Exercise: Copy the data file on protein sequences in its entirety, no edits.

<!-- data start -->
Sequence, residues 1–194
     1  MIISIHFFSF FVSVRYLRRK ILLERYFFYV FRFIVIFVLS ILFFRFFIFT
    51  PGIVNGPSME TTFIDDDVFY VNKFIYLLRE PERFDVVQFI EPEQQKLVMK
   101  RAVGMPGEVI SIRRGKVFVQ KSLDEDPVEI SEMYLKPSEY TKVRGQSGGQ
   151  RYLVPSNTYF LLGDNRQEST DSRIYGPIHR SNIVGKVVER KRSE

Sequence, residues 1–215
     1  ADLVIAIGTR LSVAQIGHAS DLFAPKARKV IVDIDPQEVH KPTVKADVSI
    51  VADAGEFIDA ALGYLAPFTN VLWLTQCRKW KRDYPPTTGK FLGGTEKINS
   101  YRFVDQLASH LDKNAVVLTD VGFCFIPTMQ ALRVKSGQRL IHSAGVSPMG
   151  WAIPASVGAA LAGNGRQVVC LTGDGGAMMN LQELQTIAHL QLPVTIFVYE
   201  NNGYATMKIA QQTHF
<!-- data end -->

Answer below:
Sequence, residues 1–194
     1  MIISIHFFSF FVSVRYLRRK ILLERYFFYV FRFIVIFVLS ILFFRFFIFT
    51  PGIVNGPSME TTFIDDDVFY VNKFIYLLRE PERFDVVQFI EPEQQKLVMK
   101  RAVGMPGEVI SIRRGKVFVQ KSLDEDPVEI SEMYLKPSEY TKVRGQSGGQ
   151  RYLVPSNTYF LLGDNRQEST DSRIYGPIHR SNIVGKVVER KRSE

Sequence, residues 1–215
     1  ADLVIAIGTR LSVAQIGHAS DLFAPKARKV IVDIDPQEVH KPTVKADVSI
    51  VADAGEFIDA ALGYLAPFTN VLWLTQCRKW KRDYPPTTGK FLGGTEKINS
   101  YRFVDQLASH LDKNAVVLTD VGFCFIPTMQ ALRVKSGQRL IHSAGVSPMG
   151  WAIPASVGAA LAGNGRQVVC LTGDGGAMMN LQELQTIAHL QLPVTIFVYE
   201  NNGYATMKIA QQTHF